Manzur Ejaz comes up with a fresh perspective on contemporary relevance of a tale that has enchanted readers for generations
There have been many arguments about Waris Shah’s (1722-1798) Heer. It is said that the book vividly manifests the struggle of Heer for her right to love in a patriarchal society. Or that it is a romantic tale written to please those who are at leisure while grazing the cows in open fields. It is also said that it is a mythical story woven into a poetic epic which expresses the ethos and aspirations of the Punjabi people in an agrarian society. Or that it is basically a long discourse about male-female relations. It has been noticed that the tone of the ‘Qissa’ is overtly political as it encompasses the social and economic system of the 18th century Punjab. All these assertions about Heer have been hotly debated.
Completed in 1766, the original text of Heer was drastically altered, added to and corrupted beyond recognition by other poets. The introduction of the printing press in Punjab in 1864 increased the publication of Heer manifold and changed it to asli tay vaddi Heer (the real and enlarged Heer). It is due to editors and scholars like Abdul Aziz Bar-at-Law (1884-1970) and Ustad Sharif Saber (1925-2015) that we now have the ‘the small, original Heer’. There was always a dearth of good critical work on Heer. The other day I was studying Waris Shah Number (p. 1969) of the Punjabi magazine Punj Darya, consisting of a total of 532 pages, but there was hardly an article in it that has survived the test of time. Heer has been translated into English by Sant Singh Sekhon (1908-1998) and Muzaffar Ghaffar but modern critical studies are not coming up. It was only in the 1960s and later that we got some good authentic books on the subject. Najm Hosain Syed wrote an excellent book Lōkāṃ Kamaliāṃ Nūṃ Kissā Hushiār (2004). Similarly, Ishwar Dayal Gaur wrote Society, Religion and Patriarchy: exploring medieval Punjab through Hir Waris (2009).
After completing his magnum opus, Waris Nama, in five volumes, Ejaz summarised his readings of Waris Shah in a small book Waris Shah di Mudhli Wichaar Dhara Te Punjabi Reet. He then translated it into English, Waris Shah: the Ideologue.
Ejaz is well known in progressive circles. As a young man, he was active in the anti-Ayub student movement in 1968-69. While in Punjab University in the ’70s, he was deeply involved with the NSO (National Students Organisation) and the YPF (Young Peoples’ Front). He fell in love with Punjabi language and literature when he met Najm Hosin Syed and Mushtaq Sufi. The passion has stayed with him ever since. He is a founding member of the Punjabi Adabi Sangat. The weekly meetings have been going on at Jail Road, Lahore, since the early 70s. They consist mainly of the study of classical poets. After being expelled from Punjab University as a lecturer in philosophy, Ejaz opened a book shop called Punjab Adabi Markaz but couldn’t make both ends meet. Finally, in 1978, he left the country for the USA.
However, unlike many political workers who became ‘westernised’, he remained a staunch Punjabi lover. In addition to writing a regular English column for nearly three decades, he has been writing a weekly Urdu column for a daily as well. His love for Punjabi literature and language clearly surpasses everything else. Teaching philosophy at the Punjab University and studying Punjabi literature for almost half a century, Manzur Ejaz is fully equipped to write about Punjabi literature with an authentic voice.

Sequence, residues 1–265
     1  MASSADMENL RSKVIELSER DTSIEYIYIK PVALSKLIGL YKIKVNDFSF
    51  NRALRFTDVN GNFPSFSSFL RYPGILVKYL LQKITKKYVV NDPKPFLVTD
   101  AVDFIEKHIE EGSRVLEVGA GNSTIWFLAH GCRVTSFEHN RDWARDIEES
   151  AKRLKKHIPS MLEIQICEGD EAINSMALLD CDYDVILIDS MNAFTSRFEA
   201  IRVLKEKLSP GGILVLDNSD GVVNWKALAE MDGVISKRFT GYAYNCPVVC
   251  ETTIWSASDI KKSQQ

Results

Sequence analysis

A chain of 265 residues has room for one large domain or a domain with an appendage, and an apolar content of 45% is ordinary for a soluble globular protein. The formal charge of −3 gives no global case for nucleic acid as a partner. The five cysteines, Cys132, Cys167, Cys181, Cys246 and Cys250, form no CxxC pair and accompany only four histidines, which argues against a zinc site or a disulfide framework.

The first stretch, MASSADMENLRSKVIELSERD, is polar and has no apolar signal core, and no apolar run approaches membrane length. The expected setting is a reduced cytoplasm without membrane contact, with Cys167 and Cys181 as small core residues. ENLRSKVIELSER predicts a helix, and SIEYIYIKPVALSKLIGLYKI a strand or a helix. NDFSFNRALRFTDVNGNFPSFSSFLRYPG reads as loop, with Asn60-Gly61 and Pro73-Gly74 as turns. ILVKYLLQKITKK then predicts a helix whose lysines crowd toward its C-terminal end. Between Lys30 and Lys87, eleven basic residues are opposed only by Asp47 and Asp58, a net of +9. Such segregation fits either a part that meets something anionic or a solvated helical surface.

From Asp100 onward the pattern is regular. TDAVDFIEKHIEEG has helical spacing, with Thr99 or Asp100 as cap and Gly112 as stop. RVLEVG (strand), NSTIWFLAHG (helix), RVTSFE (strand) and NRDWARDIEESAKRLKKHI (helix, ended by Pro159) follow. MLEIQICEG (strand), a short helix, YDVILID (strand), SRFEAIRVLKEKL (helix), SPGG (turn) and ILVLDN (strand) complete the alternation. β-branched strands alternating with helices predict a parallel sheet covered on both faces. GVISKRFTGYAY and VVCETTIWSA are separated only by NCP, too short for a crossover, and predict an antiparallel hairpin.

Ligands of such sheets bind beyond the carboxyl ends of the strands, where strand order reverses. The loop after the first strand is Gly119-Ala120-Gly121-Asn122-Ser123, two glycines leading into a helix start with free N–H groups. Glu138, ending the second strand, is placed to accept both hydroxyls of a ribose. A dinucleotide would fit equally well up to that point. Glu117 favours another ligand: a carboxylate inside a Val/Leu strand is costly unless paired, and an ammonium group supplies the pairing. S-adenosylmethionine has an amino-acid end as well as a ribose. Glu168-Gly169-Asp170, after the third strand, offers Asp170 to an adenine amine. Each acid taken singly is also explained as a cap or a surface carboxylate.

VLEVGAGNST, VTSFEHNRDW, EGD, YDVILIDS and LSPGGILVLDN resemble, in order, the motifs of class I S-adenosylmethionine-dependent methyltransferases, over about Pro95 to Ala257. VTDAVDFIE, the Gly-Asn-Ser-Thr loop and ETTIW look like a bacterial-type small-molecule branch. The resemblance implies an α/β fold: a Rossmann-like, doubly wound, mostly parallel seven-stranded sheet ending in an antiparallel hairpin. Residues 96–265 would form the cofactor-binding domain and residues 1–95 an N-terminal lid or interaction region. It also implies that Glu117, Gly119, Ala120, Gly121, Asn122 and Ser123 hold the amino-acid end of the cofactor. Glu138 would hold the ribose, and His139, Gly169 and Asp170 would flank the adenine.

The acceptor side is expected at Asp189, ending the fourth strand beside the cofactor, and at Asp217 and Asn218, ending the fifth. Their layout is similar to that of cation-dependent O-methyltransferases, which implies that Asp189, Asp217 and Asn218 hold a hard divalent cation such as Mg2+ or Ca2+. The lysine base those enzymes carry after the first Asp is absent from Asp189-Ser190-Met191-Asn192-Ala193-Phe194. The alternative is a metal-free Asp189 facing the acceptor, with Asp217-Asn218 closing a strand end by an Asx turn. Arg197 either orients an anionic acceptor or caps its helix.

His book Waris Shah di Mudhli Wichaar Dhara Te Punjabi Reet is divided into eight chapters. In the first chapter: Waris Shah: The Realist, Ejaz defines the basic conflicts in the Qissa. The first one is between Ranjha and his brothers in Takhat Hazara. "To untangle Waris Shah’s ideology, one must start at the beginning of the story. No other poet started their version of Heer Ranjha with a dispute over land before Waris Shah."
The second conflict is between Ranjha and Mullah, who refuses to give him shelter at his mosque. The third is between Mallah (boat man) Luden and Ranjha. Then Ranjha is in conflict with Chuchak, the landlord. Then Heer is pitched against her family, Kaido, Qazi, Kheras and the judge -- essentially the whole system. "Waris Shah is making the point that it is the class-based structure of the society contributes to its materialism and unfairness", Ejaz says.
Other chapters are on Waris Shah’s additions to the story, spiritual or worldly love, women’s world, social conditions and history of the Punjab, language and style of Waris Shah and finally Waris Shah’s epistemology.
In the chapter The Women World, he writes, "The freedom of women will lead to the emancipation of the entire mankind. This is the main reason that Punjabi’s leading poets have addressed the world in a female voice." That voice is rebellious, anti-patriarchy and anti-clergy.
Manzur’s knowledge of Heer is amazing; his citations from Heer are endless. After every third or fourth sentence, he quotes verses from Waris Shah.
He is basically a political worker and writes to educate people. His language is direct and easily understood but it remains a literary diction. To me, he is a model for young writers. His books are a good contribution to increasing the understanding of Waris Shah, who is rightly called the bard of the Punjab.
Waris Shah di Mudhli Wichaar Dhara te Punjabi Reet
Author: Dr Manzur Ejaz
Publisher: Sulaikh Bookmakers